Paul, does it really matter at this point if the taxes are un-Constitutional as the Constitution was squashed more than a century ago. Today the government taxes many people at the benefit of others when they tax the average person's behavior by implementing higher taxes on gas, cigarettes, alcohol, fast cars and much more. Although I do think you have a point, I do not think that it will matter until the philosophical battle is won.

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"I was thinking of things like the income tax which is not uniform."

How does income tax not apply uniformly to citizens of different states? Other than the exemption of some territorial residents, an argument could be made that the federal income tax is not uniform based upon the deduction of state and local taxes as they result in citizens from low tax states paying relatively higher federal income taxes, but successfully arguing that would simply invalidate those deductions.

That my neighbor and I may pay a different amount of federal income tax does not violate the clause you cite.

I was thinking of the difference in percentage based upon income that everyone pays. How would you reconcile me paying 30% of my income and someone else paying 5% of their income with the constitutional requirement that all taxes be uniform?

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Paul, does it really matter at this point if the taxes are un-Constitutional as the Constitution was squashed more than a century ago. Today the government taxes many people at the benefit of others when they tax the average person's behavior by implementing higher taxes on gas, cigarettes, alcohol, fast cars and much more. Although I do think you have a point, I do not think that it will matter until the philosophical battle is won.

I am interested just for informational purposes. I realize that there are so many areas of modern life involving government actions and interference that should be declared unconstitutional.

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I was thinking of the difference in percentage based upon income that everyone pays. How would you reconcile me paying 30% of my income and someone else paying 5% of their income with the constitutional requirement that all taxes be uniform?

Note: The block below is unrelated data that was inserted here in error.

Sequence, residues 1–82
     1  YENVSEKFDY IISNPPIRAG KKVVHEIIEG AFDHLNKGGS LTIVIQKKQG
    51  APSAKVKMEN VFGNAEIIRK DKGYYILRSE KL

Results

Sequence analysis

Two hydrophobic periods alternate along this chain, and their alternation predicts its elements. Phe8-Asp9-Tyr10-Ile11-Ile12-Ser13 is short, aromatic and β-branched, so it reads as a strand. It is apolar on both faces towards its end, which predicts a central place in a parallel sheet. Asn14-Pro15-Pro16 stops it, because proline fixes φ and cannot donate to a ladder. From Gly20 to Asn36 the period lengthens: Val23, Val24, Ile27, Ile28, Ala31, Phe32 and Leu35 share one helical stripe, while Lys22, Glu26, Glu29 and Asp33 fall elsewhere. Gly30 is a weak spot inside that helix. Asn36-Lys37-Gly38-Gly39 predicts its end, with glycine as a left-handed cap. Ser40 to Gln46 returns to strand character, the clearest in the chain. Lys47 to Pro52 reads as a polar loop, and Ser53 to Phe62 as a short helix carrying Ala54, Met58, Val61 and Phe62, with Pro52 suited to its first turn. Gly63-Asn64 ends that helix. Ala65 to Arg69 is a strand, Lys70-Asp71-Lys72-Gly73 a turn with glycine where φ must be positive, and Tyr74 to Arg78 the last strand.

It is an issue of context; the rules have to be uniform not the amount of taxes paid. The issue you raise is a policy issue, not a constitutional issue.

Another example about how this clause might apply would be the old Republican idea of enterprise zones.

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...

Do you have something in particular in mind as a violation of that?...

I was thinking of things like the income tax which is not uniform.

I think you're right, and in fact this might be the reason that, before the ratification of the 16th amendment, income taxes were ruled unconstitutional - because of being non-uniform. But then that amendment specifically added the provision to the Constitution that an income tax was now permissible. -_- Presumably that means the tax is allowed in spite of being non-uniform.

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...

Do you have something in particular in mind as a violation of that?...

I was thinking of things like the income tax which is not uniform.

I think you're right, and in fact this might be the reason that, before the ratification of the 16th amendment, income taxes were ruled unconstitutional - because of being non-uniform. But then that amendment specifically added the provision to the Constitution that an income tax was now permissible. -_- Presumably that means the tax is allowed in spite of being non-uniform.

The reason that income taxes were unconstitutional was because there was no provision to allow income taxes, not because it was not uniform. There actually used to be a time when people actually knew that the federal government could only do what the Constitution allowed it to.